The view from the Kremlin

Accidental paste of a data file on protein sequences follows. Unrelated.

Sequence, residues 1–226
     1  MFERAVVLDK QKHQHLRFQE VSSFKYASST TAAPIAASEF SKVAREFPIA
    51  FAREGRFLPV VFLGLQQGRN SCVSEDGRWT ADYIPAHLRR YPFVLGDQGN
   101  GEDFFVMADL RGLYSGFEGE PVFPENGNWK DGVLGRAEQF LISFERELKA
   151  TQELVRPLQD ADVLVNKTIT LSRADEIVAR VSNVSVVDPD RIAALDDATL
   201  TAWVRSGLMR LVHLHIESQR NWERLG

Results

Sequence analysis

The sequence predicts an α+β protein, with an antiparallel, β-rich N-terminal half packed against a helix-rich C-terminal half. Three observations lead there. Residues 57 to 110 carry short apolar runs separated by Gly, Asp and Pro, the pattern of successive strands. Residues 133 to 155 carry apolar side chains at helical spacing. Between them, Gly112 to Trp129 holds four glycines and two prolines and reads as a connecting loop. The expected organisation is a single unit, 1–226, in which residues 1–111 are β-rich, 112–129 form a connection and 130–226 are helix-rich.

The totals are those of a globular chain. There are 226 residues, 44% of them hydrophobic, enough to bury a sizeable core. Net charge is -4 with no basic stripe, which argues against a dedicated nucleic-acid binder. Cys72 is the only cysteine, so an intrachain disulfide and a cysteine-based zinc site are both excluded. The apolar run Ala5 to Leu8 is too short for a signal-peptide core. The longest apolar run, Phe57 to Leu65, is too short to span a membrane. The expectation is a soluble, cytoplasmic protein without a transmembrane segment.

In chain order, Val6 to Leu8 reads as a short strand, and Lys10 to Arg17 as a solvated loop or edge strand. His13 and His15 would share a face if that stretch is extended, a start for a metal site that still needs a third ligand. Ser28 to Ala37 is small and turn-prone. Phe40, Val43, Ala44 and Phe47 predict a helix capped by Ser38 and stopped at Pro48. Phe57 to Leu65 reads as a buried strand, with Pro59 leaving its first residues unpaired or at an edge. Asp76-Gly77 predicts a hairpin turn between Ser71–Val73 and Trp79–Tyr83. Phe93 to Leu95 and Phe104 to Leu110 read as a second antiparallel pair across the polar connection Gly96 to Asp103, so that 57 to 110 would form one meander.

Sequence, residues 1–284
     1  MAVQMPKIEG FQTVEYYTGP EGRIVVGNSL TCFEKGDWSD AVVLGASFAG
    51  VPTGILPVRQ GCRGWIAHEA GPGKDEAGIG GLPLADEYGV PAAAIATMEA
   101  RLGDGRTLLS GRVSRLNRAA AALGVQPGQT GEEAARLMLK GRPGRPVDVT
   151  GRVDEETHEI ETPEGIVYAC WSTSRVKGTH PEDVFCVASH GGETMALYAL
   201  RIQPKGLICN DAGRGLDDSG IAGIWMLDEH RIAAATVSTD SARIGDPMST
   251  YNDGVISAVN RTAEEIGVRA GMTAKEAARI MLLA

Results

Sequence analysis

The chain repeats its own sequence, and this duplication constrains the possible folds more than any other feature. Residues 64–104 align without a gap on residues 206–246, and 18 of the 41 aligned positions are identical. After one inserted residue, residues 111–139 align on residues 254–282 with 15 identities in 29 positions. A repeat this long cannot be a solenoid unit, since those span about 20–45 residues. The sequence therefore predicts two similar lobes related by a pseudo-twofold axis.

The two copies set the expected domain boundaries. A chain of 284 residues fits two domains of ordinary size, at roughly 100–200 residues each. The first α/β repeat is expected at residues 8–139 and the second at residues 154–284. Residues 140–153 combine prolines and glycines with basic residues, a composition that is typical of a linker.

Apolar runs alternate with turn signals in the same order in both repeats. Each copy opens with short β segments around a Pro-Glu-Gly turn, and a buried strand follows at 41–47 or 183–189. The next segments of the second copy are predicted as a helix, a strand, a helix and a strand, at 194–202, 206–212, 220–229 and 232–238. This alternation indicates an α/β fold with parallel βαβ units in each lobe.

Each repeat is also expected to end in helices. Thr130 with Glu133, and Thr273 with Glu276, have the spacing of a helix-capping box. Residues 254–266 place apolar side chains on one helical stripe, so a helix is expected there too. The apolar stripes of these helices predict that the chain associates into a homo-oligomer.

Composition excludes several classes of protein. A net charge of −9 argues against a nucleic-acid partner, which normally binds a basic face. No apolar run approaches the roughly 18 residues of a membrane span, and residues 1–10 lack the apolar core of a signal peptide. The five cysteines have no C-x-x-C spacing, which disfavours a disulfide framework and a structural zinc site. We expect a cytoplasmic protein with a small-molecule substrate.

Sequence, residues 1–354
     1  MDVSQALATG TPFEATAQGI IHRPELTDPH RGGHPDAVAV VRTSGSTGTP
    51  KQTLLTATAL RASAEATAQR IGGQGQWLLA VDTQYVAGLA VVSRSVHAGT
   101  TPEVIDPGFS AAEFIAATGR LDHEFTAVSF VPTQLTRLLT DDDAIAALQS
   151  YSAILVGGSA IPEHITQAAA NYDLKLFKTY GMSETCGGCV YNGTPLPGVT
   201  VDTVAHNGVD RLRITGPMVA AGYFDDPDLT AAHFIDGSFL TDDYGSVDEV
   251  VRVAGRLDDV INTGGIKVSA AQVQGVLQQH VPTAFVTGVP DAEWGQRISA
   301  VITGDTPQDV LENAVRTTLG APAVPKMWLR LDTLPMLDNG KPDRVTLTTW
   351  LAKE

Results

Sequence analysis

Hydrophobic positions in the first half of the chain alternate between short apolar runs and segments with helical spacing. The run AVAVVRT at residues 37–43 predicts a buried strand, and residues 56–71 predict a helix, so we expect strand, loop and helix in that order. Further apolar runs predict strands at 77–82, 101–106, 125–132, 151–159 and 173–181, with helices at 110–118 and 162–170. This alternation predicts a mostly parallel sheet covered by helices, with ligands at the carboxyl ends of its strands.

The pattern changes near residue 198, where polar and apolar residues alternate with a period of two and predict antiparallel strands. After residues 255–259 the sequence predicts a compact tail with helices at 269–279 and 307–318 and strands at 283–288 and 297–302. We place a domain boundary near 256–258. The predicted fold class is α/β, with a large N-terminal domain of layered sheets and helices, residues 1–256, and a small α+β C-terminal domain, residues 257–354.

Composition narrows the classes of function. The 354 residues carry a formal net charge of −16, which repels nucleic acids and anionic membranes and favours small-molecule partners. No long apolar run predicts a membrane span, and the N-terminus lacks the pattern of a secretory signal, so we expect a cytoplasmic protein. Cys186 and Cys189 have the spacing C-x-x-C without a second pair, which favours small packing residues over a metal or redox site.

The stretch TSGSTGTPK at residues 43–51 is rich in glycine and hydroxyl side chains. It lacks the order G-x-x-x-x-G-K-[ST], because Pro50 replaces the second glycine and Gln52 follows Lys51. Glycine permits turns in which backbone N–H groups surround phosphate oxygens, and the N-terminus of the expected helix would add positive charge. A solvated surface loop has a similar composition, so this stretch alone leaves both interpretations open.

Russian thinking is a hybrid itself, between context and concept: what happens when a body of thought that dates back to and through Soviet times meets the demands, opportunities and idiosyncrasies of the modern world. Russian military thinkers can draw on an especially rich experience of information operations. Valerii Gerasimov was not presenting a blueprint for a future without conventional military operations, nor yet hybrid war as understood in the West. He was expressing Russia’s conviction that the modern world was seeing more complex and politically-led forms of contestation alongside regular warfare. A century-old debate in Russian theoretical circles about the definition of war in many ways echoes Frank Hoffman in his identification of organised armed state violence as the crucial factor distinguishing ‘struggle’ from ‘war.’ Time and again, military writers flirted with the notion of war without open fighting. The Kremlin’s incumbents saw wholly non-military yet essentially assertive and subversive approaches as interchangeable with directly military ones.